expression. Therefore, we investigate the approximation complexity
of minimizing regular expressions without Kleene star, or,
equivalently, regular expressions describing finite languages.
On the side of approximation hardness, given such an expression of
size~$s$, we prove that it is impossible to approximate the minimum
size required by an equivalent regular expression within a factor of
$O\left(\frac{s}{(\log s)^{\delta}}\right)$ if the running time is
bounded by a quasipolynomial function depending on $\delta$, for
every $\delta>1$, unless the exponential time hypothesis (ETH)
fails. For approximation ratio $O(s^{1\delta})$, we prove an
exponentialtime lower bound depending on $\delta$, assuming ETH.
The lower bounds apply to alphabets of constant size.
On the algorithmic side, we show that the problem can be
approximated in polynomial time within $O(\frac{s\log\log s}{\log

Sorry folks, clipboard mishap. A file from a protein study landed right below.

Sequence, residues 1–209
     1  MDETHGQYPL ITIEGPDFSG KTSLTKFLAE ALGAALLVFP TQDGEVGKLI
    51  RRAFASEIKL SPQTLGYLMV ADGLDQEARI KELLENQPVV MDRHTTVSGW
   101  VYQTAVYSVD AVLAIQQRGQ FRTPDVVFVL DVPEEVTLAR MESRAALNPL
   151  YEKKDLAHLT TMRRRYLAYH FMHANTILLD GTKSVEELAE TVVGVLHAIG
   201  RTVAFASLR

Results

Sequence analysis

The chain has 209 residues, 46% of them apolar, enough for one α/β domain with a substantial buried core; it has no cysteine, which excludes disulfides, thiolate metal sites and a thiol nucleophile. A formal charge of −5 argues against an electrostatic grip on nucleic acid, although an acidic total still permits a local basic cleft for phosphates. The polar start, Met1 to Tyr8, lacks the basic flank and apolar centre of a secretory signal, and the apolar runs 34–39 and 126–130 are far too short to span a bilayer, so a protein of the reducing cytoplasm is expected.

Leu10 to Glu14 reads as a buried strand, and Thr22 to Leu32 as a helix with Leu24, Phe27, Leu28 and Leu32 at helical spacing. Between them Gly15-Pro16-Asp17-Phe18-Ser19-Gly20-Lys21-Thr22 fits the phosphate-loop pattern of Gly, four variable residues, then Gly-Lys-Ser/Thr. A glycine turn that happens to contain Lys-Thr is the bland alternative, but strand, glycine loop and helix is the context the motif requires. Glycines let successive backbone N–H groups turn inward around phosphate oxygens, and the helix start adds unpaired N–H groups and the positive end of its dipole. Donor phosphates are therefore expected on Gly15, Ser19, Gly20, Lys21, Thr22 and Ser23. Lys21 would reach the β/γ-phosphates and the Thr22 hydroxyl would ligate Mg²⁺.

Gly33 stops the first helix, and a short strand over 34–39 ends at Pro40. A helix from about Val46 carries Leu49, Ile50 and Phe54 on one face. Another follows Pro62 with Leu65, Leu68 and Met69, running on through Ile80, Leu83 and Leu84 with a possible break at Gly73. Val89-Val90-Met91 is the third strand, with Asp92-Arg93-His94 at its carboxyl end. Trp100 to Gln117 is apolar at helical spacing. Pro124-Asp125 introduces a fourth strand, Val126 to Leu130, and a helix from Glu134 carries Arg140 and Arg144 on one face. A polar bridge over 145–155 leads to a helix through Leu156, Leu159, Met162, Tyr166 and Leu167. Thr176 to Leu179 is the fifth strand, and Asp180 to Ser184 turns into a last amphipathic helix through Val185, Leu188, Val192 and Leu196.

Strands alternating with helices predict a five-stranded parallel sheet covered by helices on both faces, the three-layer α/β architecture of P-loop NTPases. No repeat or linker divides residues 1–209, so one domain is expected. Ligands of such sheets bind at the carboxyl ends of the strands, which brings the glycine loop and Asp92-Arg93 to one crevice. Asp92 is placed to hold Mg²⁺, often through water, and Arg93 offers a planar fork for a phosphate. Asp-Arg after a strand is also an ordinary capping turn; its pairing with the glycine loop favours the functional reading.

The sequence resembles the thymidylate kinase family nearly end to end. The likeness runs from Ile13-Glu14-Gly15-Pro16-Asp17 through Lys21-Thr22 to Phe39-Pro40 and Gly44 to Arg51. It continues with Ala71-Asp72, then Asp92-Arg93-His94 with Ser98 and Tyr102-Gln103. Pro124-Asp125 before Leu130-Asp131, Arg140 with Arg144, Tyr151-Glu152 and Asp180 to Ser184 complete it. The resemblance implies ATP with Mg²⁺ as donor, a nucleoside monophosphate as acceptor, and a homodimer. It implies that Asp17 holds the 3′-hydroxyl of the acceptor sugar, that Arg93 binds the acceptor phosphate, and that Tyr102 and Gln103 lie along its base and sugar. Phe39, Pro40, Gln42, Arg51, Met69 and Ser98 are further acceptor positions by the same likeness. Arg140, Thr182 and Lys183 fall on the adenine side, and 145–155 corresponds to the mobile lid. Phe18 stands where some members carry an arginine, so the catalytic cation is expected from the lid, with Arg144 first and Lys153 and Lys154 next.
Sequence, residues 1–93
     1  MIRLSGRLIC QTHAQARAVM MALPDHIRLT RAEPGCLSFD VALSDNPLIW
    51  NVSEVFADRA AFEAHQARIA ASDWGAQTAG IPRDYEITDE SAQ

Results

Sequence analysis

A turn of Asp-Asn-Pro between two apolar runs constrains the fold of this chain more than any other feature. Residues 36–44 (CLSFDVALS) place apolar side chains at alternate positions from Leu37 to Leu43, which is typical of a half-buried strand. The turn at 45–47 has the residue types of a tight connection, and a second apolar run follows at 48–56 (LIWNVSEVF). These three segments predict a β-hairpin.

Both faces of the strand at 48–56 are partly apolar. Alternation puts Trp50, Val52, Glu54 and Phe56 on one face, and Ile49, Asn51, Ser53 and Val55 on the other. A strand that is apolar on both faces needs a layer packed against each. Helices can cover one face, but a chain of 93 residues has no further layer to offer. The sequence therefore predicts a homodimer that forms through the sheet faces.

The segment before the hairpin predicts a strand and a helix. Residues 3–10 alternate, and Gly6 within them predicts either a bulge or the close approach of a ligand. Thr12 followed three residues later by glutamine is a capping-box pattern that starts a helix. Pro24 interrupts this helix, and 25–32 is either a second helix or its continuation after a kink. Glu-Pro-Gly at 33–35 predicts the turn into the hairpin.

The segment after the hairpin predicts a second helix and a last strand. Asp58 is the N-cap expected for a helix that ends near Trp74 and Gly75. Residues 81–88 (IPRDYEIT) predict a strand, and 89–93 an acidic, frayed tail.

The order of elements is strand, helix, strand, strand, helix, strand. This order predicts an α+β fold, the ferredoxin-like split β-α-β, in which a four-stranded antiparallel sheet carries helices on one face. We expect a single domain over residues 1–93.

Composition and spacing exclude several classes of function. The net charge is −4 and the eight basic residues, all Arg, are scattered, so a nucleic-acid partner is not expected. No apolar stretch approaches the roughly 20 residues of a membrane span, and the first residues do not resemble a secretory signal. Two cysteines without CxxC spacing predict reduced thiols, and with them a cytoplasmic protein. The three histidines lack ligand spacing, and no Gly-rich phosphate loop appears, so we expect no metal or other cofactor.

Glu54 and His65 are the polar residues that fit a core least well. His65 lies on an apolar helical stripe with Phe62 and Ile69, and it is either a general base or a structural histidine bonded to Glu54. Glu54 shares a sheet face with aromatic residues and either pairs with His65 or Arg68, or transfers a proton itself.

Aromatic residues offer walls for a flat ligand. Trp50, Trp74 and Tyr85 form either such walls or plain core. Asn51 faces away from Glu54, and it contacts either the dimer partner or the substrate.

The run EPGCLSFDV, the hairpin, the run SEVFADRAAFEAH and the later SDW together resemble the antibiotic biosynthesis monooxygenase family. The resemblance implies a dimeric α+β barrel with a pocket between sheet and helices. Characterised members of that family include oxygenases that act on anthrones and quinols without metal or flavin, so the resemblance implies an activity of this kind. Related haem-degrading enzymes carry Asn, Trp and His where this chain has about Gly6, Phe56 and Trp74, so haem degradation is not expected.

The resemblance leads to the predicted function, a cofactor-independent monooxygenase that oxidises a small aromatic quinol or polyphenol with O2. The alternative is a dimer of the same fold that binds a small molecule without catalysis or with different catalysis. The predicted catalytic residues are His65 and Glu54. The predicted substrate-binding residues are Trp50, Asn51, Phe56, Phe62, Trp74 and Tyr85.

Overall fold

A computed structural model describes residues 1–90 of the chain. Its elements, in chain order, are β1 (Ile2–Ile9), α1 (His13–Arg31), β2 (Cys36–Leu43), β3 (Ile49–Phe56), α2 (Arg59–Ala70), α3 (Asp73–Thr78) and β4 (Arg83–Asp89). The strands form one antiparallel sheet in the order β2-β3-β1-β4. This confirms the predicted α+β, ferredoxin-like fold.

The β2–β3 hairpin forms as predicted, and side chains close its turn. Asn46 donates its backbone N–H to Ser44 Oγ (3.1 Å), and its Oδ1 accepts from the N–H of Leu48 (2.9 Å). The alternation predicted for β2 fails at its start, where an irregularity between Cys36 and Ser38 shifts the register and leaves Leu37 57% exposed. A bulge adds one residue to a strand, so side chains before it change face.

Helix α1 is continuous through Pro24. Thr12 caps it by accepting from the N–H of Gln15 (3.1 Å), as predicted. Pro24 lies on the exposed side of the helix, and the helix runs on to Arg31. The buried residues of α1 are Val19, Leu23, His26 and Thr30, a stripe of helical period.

s})$, with~$s$ being the size of the given regular expression.
For constant alphabet size, the bound improves to $O(\frac{s}{\log
s})$. Finally, we devise a familiy of superpolynomial
approximation algorithms with approximation ratios matching the
lower bounds, while the running times are just above the lower
bounds excluded by the exponential time hypothesis.

14:1514:30  Break 
14:3015:30  Session 2 [Automata and Complexity] (chair: Stefan Hoffmann)
Henning Fernau and Kshitij Gajjar
Abstract:
A graph is called a sum graph if its vertices can be labelled by distinct positive integers such that there is an edge between two vertices if and only if the sum of their labels is the label of another vertex of the graph. Most
papers on sum graphs consider combinatorial questions like the minimum number of isolated vertices that need to be added to a given graph to make it a sum graph. In this paper, we initiate the study of sum graphs from the viewpoint of
computational complexity. Note that every nvertex sum graph can be represented by a sorted list of n positive integers where edge queries can be answered in O(log n) time. Thus, limiting the size of the vertex labels upper bounds the
space complexity of storing the graph.
We show that every nvertex, medge, ddegenerate graph can be made a sum graph by adding at most m isolated vertices to it such that the size of each vertex label is at most O(n^2d). This enables us to store the graph using O(m log